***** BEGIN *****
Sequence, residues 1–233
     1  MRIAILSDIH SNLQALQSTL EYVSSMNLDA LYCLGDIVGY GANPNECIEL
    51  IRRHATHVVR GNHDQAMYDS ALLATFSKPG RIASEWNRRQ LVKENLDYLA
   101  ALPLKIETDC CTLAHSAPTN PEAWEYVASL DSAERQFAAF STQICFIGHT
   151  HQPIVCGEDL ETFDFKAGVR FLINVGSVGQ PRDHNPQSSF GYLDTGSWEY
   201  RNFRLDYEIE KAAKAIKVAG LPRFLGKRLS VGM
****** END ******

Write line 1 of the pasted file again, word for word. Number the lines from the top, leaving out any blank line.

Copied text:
Sequence, residues 1–233